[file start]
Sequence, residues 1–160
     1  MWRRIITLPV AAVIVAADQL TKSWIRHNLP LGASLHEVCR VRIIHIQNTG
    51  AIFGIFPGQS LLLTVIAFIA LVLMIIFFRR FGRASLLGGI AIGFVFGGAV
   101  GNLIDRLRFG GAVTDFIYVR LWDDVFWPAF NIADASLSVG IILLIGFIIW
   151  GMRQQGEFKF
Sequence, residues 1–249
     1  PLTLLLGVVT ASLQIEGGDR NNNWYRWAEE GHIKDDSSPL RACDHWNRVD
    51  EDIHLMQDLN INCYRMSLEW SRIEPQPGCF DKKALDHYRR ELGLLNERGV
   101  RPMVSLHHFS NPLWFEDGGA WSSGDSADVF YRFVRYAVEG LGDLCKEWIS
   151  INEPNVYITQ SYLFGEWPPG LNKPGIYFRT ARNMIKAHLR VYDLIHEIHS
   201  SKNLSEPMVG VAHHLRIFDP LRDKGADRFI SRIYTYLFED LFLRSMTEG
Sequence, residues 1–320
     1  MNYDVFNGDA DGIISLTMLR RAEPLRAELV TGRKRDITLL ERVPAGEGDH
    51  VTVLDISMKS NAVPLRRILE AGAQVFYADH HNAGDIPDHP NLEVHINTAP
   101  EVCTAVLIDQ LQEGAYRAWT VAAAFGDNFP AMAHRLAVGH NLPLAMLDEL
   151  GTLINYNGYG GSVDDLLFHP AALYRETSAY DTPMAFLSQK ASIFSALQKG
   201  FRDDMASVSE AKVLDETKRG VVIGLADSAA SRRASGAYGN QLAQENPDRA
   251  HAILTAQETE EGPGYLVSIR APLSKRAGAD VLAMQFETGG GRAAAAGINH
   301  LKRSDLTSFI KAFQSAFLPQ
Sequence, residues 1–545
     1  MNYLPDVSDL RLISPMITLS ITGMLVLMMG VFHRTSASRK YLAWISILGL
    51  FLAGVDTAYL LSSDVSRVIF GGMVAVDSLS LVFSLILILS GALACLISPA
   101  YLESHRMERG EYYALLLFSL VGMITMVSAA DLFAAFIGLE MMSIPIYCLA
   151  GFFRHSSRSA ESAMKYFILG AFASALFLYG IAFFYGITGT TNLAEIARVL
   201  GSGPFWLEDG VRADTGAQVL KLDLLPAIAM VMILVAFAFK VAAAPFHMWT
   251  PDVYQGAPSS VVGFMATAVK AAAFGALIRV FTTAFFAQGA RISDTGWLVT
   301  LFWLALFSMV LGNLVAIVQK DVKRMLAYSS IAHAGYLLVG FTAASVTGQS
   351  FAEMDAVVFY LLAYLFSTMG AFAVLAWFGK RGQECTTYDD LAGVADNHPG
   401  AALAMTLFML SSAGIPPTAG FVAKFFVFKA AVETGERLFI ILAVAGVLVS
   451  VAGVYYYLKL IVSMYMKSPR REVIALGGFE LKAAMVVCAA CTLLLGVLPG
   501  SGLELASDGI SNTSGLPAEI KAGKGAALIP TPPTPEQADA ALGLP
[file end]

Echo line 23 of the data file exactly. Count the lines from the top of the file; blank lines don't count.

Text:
   101  YLESHRMERG EYYALLLFSL VGMITMVSAA DLFAAFIGLE MMSIPIYCLA